Fifty-five years ago this day–January 30, 1968–the Viet Cong (VC) and North Vietnamese Army (NVA) launched surprise attacks upon American and South Vietnamese forces in South Vietnam.
The attacks came when all sides had agreed upon a truce for Tet, Vietnamese Lunar New Year and a traditional holiday for return to home villages. More than 80,000 enemy troops struck more than 100 towns and cities, including the capital city of Saigon, where VC penetrated the outer wall of the US Embassy. They also hit Hue City, and the NVA occupied the ancient citadel there.
The offensive was the largest military operation conducted by either side up to that point in the war, and by any military measure, it was an utter failure on the part of the enemy. US and ARVN troops took back every single location that the enemy occupied and killed the enemy at a ratio of 2:1, at least. Estimates are that the NVA and VC lost 58,000 men killed during the 8 months of Tet Offensive (almost exactly how many Americans killed the whole 15 years of war).
Although the offensive was a military defeat for North Vietnam, it was a psychological and long-term political victory for the enemy largely because it shocked the US public and eroded American support for the war. The American people had been led to believe that the North Vietnamese were being defeated and incapable of launching such an ambitious military operation. In November 1967, General William Westmoreland, commander of American war effort in Vietnam, gave a series of speeches in which he said there was “light at the end of the tunnel” for the Vietnam War. By the end of the year, polls showed that over 50% of Americans believed progress was being made, and they were confident the war would soon be won.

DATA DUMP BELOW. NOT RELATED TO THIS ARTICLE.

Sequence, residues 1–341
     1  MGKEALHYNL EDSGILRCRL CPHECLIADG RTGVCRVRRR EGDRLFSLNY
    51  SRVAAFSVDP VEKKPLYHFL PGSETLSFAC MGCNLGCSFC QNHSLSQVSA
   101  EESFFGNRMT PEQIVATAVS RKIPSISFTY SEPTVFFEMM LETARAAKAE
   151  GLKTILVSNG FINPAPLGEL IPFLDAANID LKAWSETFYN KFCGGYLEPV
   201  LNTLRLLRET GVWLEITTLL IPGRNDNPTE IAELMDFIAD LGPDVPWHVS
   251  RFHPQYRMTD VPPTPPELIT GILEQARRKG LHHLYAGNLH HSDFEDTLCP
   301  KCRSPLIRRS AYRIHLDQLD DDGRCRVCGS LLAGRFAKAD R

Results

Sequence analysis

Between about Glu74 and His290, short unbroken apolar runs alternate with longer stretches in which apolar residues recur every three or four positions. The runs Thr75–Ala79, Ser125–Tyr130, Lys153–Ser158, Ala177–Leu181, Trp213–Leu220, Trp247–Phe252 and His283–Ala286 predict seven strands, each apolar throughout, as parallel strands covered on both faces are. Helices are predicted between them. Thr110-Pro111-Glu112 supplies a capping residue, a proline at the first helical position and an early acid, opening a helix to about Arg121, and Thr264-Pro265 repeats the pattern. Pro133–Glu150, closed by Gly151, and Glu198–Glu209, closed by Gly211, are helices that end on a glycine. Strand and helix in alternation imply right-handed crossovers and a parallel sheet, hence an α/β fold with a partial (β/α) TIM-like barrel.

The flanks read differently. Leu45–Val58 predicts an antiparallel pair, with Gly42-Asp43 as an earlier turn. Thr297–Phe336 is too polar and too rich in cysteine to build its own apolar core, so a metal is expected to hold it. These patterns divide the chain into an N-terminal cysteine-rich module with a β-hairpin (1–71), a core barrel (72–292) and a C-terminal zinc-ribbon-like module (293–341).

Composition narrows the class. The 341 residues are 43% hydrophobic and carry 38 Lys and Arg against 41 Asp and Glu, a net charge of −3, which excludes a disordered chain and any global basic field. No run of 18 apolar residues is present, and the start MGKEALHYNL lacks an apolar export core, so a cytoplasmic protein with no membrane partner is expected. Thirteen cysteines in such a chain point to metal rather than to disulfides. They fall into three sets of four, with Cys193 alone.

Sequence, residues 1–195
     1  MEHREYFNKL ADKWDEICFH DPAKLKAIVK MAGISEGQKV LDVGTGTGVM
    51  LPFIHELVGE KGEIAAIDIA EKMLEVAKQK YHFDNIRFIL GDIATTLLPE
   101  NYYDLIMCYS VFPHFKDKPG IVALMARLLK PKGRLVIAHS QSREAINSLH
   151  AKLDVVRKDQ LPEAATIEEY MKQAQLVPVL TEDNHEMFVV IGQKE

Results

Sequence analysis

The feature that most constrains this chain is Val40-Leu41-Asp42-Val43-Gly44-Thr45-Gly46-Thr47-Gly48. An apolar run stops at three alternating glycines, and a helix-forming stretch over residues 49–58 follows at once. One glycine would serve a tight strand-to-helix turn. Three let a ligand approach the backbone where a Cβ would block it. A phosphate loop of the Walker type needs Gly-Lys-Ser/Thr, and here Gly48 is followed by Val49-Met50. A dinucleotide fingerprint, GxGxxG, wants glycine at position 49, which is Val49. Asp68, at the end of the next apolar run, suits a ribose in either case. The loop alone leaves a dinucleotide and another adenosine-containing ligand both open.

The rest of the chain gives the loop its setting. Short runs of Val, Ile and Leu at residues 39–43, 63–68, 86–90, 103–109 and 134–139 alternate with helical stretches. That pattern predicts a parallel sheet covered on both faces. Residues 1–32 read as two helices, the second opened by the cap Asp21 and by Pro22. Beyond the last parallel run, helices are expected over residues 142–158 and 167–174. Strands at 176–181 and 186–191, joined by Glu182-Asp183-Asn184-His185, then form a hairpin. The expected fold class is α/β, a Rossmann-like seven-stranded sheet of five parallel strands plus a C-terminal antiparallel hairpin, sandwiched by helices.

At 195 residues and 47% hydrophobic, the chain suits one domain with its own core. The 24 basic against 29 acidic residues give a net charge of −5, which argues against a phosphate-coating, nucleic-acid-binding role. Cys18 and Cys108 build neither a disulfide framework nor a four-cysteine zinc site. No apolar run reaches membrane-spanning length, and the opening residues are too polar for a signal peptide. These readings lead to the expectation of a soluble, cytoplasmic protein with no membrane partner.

Then came Tet. The horrible images in living color showed that the enemy was capable of launching large-scale attacks and continuing the war despite enormous casualties. Of all turning points during the Vietnam War, Tet was the most dramatic.
We invite all veterans who served during 1968 to join us and share their memories of this time.
Joining us also will be Ray Gleason, author of A GRUNT SPEAKS: A ’Devil’s Dictionary’ of Vietnam Infantry Tales And Terms.
PFC Ray “Frenchy” Gleason, August 1968, a grunt on “LZ Jackie” near Ban Me Thuot, Republic of Vietnam. While in Vietnam, Gleason was a rifleman, i.e. grunt, 11 Bush, ground-pounder, with A Company, 2nd Battalion, 35th Infantry (“Cacti Blue”), and he was also a Long-Range Reconnaissance Patrol (LRRP) team leader with the 75th Infantry (Ranger). During his military career, he was an infantry company commander, an armored cavalry squadron XO, and a division and army-level staff weenie. Gleason has been awarded the Combat Infantry Badge (CIB), Bronze Star for Valor, Purple Heart, Air Medal, Army Commendation Medal, and the Vietnam Cross of Gallantry with Palm. He still has his poncho liner and P38.
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